Macfarlane Place - a road with two lifetimes. Macfarlane Place began its life as a farm track which ran from Wood Lane to Old Oak Farm.

Supported by the Metropolitan Railway and the Great Western Railway, the Hammersmith & City Railway was built from the GWR’s main line a mile west of Paddington station to Shepherd’s Bush and Hammersmith. Built on viaduct largely across open fields, the line opened on 13 June 1864.

The viaduct crossed the farm track but as at did so, Macfarlane Place was created between it and Wood Lane.

After a 60 year hiatus, Macfarlane Place then became a new pedestrian-only street which cut through the BBC Television Centre car park after the Centre was redeveloped.
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Barge House Street, SE1
Barge House Street is a renamed section of Upper Ground Street. Old Barge House Stairs once marked the outflow of a stream - though more an open sewer which ran in a wide loop.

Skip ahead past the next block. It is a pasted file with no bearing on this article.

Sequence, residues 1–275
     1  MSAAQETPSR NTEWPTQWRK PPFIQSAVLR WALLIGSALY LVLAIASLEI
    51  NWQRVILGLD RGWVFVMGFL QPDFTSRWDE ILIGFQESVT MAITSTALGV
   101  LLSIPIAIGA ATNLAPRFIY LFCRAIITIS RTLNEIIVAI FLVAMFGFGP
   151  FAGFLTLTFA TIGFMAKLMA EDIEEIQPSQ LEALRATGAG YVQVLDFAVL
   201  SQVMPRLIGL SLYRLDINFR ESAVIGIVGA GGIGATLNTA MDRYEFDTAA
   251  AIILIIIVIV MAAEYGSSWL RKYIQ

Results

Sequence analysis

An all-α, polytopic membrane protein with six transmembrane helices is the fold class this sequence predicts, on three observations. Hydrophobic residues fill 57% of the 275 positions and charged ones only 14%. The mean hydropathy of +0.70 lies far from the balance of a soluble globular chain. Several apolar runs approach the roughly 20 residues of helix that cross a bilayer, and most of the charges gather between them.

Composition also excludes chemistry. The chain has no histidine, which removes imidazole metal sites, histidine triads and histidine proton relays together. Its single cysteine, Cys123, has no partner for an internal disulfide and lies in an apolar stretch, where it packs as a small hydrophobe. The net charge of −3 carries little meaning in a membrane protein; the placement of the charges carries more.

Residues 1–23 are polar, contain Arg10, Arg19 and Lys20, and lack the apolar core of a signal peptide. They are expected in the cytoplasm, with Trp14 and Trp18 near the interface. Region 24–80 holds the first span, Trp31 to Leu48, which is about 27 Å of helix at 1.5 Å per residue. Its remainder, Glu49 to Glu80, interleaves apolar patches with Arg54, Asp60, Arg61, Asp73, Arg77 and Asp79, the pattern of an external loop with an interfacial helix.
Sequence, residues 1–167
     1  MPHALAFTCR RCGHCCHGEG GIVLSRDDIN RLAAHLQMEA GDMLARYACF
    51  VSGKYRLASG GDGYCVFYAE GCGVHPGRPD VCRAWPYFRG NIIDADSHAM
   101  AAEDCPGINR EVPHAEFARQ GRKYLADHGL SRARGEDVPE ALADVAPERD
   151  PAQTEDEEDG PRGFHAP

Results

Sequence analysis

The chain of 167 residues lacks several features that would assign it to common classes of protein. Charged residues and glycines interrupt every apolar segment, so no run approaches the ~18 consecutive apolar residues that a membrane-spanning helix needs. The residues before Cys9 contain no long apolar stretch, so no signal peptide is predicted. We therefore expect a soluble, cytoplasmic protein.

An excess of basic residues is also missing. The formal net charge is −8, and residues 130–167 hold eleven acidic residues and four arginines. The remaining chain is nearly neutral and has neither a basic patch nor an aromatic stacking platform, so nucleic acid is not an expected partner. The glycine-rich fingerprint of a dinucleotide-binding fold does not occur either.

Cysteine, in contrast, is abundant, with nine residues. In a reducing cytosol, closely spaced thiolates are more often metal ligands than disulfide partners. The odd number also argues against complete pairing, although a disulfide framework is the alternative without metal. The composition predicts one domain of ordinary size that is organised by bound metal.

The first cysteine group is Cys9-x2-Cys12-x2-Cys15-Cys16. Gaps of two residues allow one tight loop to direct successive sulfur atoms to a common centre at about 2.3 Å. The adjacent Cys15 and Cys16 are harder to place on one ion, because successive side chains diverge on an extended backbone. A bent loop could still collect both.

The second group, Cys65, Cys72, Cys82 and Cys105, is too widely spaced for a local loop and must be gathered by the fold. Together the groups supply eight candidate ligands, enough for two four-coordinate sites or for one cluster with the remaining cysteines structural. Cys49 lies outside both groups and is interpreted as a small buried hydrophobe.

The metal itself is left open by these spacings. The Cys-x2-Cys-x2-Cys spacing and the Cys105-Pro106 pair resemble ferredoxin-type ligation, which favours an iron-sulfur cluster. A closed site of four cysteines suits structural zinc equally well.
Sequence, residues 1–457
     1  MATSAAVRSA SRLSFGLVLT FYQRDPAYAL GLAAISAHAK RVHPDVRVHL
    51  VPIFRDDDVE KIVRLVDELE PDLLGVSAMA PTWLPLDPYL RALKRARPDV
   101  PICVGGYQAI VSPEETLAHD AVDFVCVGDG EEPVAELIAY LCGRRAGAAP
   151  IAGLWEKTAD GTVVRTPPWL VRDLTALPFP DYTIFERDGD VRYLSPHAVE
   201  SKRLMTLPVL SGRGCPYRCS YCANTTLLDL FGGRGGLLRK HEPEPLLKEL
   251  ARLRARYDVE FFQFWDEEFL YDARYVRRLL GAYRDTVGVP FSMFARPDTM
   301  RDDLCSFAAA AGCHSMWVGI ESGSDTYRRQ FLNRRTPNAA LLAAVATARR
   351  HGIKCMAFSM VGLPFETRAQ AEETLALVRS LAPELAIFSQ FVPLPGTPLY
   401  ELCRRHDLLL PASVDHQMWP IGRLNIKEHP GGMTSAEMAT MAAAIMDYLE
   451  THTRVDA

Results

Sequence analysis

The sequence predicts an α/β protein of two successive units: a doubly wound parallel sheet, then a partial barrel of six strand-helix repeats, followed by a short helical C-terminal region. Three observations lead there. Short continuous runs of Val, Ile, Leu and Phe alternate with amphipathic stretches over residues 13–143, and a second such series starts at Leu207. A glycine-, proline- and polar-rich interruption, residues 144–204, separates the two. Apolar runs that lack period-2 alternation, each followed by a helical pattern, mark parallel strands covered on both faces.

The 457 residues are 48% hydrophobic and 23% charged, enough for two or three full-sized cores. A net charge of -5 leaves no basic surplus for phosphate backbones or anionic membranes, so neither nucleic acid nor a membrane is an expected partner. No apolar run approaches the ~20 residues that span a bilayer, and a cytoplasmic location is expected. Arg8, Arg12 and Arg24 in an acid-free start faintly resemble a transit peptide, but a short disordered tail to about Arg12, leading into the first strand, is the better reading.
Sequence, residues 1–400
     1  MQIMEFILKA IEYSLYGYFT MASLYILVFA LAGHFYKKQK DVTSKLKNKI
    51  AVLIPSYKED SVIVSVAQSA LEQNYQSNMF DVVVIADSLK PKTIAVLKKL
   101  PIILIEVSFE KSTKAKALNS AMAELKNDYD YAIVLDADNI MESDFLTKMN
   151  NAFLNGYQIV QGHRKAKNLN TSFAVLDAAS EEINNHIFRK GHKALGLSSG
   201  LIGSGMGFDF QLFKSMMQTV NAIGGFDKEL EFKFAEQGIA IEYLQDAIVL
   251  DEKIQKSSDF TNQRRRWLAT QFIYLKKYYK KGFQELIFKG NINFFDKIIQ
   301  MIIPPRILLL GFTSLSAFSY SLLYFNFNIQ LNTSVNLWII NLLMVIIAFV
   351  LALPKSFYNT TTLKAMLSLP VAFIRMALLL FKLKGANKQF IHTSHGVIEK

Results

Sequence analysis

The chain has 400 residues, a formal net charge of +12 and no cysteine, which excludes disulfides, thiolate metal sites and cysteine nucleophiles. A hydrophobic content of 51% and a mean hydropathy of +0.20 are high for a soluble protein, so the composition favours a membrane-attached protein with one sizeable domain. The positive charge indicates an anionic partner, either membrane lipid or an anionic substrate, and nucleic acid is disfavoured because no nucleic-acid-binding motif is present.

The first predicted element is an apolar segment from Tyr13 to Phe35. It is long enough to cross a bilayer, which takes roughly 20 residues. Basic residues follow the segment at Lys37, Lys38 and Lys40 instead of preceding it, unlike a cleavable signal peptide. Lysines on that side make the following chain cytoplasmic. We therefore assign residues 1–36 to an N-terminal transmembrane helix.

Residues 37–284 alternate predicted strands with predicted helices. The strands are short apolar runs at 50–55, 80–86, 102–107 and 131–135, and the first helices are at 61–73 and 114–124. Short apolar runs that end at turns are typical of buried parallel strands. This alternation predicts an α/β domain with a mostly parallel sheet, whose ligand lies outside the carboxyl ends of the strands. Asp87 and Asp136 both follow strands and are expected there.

Embankment walls were build along the river bank at Upper Ground and sewers carried off water either to the river or south to St George’s Fields. Until 1809, when the Surrey and Kent Sewer Commission obtained permission to build new main sewers, the whole area was subject to flooding whenever there was an exceptionally high tide and most of the ground was too marshy for building.

However, from at least as early as the 14th century there was a fringe of houses along Upper Ground.

Sometime before 1420 the land was farmed out to John, Duke of Bedford. In 1655, William Angell, a grocer from London, bought the area for £500. The land comprised ’ten messuages, eighty cottages, twenty tofts, twenty gardens, twenty orchards, ten acres of land, fifty acres of meadow, thirty acres of pasture and one acre of woodland’. A large part ...